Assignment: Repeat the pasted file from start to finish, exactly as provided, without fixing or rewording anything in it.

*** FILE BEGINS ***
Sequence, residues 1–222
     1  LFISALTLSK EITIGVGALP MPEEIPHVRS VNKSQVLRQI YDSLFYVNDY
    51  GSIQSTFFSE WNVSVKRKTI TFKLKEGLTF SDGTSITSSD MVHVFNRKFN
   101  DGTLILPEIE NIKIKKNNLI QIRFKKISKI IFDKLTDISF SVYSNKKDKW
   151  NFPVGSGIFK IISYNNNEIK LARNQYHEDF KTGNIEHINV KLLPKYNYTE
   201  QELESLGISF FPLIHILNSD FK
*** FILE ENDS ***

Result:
Sequence, residues 1–222
     1  LFISALTLSK EITIGVGALP MPEEIPHVRS VNKSQVLRQI YDSLFYVNDY
    51  GSIQSTFFSE WNVSVKRKTI TFKLKEGLTF SDGTSITSSD MVHVFNRKFN
   101  DGTLILPEIE NIKIKKNNLI QIRFKKISKI IFDKLTDISF SVYSNKKDKW
   151  NFPVGSGIFK IISYNNNEIK LARNQYHEDF KTGNIEHINV KLLPKYNYTE
   201  QELESLGISF FPLIHILNSD FK